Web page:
The digital transition of society over the last decades has brought with it a wealth of data about research – on funding, scientific outputs, collaborations, mobility, career trajectories and much more. Simultaneously, a new branch of science has emerged: the Science of Science. An interdisciplinary topic by nature, the field of research can be approached from many perspectives. We introduce the topic from the perspective of a funder, an economist, and a sociologist.
The Science of Science offers something from which all who conduct research can benefit: by understanding its mechanisms, science can be improved via a multitude of aspects, from how it is funded to how it is organised, how it is achieved, and how it can have the most societal and economic impact.
There are manifold questions to ask and angles from which to observe. All approaches share the common goal to develop tools and policies that have the potential to improve science overall[i]. Each will look at it from a particular point of view: A funder will focus on how to improve the circumstances of the science it funds to have the biggest impact, a sociologist would for example focus on the underlying conditions for the sustainable development of science, or how and why researchers collaborate. An economist would be interested in knowing how to make the funding distribution and the related funding policies more efficient and effective.
We speak with economist Cindy Lopes-Bento (FNR and KU Leuven) about the funder’s angle, and with postdoctoral researcher Jennifer Dusdal (University of Luxembourg), about the sociological angle.
The funder’s perspective
As part of the FNR’s mission commitment to be an innovative funding agency, the FNR added Dr Cindy Lopes-Bento, Head of Science of Science and Innovation Policy (SoS and IP), to the FNR team.
Cindy’s work at FNR includes research on Science of Science and Innovation Policy, evaluating existing and collecting new data on science and innovation in Luxembourg, as well as providing advice on current or new science and innovation programmes and developing a platform for evidence-based policy.
“Science of Science (SoS) is gaining importance. We are trying to understand how science works and how we can make it more efficient. Of course, a funding agency’s ‘leverage’ comes through funding and programmes. Here it is about understanding how the science funding works, how it can shape researchers’ careers and how it can have the highest impact for society.
“The hot topics include funding policy evaluation, double subsidisation, career tracing and impact of funding – what happens to the people and research that are funded with public money?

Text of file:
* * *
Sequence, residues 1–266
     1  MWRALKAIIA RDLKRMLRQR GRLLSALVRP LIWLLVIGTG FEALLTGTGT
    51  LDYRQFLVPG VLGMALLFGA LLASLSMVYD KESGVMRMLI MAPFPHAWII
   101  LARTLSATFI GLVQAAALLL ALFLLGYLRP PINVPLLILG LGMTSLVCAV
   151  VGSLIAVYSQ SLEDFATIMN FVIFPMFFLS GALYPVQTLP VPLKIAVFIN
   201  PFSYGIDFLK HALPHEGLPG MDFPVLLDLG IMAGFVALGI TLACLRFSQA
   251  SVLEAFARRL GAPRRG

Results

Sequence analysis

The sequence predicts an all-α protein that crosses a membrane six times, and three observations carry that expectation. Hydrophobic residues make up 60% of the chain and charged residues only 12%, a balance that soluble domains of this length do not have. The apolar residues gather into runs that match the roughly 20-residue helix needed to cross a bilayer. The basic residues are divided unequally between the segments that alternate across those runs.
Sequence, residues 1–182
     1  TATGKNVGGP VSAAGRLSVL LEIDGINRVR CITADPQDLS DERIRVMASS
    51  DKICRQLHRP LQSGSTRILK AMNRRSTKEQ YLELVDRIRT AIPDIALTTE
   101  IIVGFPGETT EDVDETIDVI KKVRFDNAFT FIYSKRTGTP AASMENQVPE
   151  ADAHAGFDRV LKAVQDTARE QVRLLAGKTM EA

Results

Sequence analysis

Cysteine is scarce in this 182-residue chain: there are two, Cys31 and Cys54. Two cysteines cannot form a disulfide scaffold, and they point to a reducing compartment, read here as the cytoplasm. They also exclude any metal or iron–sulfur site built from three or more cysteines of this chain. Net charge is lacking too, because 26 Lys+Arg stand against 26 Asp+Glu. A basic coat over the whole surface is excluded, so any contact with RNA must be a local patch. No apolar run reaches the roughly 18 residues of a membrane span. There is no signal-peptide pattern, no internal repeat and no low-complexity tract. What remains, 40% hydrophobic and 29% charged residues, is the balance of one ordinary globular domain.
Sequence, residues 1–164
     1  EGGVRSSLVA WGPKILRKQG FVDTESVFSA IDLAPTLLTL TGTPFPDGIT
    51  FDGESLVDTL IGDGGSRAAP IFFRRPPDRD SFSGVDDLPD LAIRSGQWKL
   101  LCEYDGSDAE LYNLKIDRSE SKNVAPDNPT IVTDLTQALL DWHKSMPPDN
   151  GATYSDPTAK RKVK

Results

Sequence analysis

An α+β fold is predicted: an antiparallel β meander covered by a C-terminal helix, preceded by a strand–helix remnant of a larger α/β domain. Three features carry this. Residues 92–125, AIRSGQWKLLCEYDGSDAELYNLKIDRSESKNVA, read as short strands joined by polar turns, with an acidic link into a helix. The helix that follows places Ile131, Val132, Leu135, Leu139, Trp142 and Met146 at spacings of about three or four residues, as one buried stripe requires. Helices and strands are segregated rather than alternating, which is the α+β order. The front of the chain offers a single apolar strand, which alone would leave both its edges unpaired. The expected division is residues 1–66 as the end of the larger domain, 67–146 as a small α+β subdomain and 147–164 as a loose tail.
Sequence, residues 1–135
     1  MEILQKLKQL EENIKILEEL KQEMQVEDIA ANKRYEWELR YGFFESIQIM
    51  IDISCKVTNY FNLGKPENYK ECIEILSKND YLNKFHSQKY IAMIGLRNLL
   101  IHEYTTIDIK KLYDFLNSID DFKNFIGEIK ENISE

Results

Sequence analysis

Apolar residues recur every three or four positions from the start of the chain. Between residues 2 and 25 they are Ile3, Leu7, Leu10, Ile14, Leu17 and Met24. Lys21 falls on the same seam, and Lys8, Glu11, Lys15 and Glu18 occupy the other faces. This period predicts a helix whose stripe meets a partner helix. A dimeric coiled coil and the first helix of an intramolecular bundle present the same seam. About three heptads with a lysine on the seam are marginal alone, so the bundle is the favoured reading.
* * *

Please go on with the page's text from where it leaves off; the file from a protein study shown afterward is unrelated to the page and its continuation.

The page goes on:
“A topic that increasingly gains in importance also pertains to how funders can make the referring process more efficient, for the applicants through valuable feedback and unbiased evaluations, but also for the referees and the funders through lighter administrative burdens” explains Cindy, who is also Associate Professor at KU Leuven, in the field of the economics of science.
Overall, in her role as head of SoS and IP, Cindy aims at promoting an innovative, efficient and conducive research environment through effective research management and funding. By developing know-how and infrastructures to implement an evidence-based approach in the design, monitoring, and assessment of research strategies and programs, she intends to reach a better understanding of the research landscape of Luxembourg and on how this landscape can be further enhanced, both nationally and internationally.
Through the exploration of new ways of assessing and evaluating projects and programs, and based on the latest theoretical and empirical evidence, SoS and IP adds to current academic literature by publishing results from its research activities, undertaken jointly between the FNR and academia. This does not only allow the FNR to be a frontrunner on the latest trends in terms of research funding and management, but it also offers a unique “leading-by-doing” example on how policy-makers and academics can advance knowledge through close collaboration.
Finally, by vaulting the FNR to the fore of national and international research policy and strategy debates through its activities, SoS and IP works towards improving the visibility and the impact of the FNR and of ‘research Luxembourg’.
The sociologist’s perspective
The Science of Science (SoS) domain is also witnessing natural, computational, and social scientists who develop big data–based capabilities for the analysis and modelling to capture scientific developments as they happen. One such scientist is Dr Jennifer Dusdal, a young PI and sociologist at the University of Luxembourg. Her SoS focus, in a nutshell, is: What drives collaboration in science?
“Not only universities and research institutes are producing science – there are many more stakeholders involved in research and the diffusion of knowledge, like companies, labs, museums, hospitals, or government agencies. Who collaborates with whom and why? I am looking at science on an organisational level. I want to understand how scientific quality within organisations can be fostered by research collaborations? What can we improve in our higher education and science systems to bring people together to make pathbreaking discoveries?”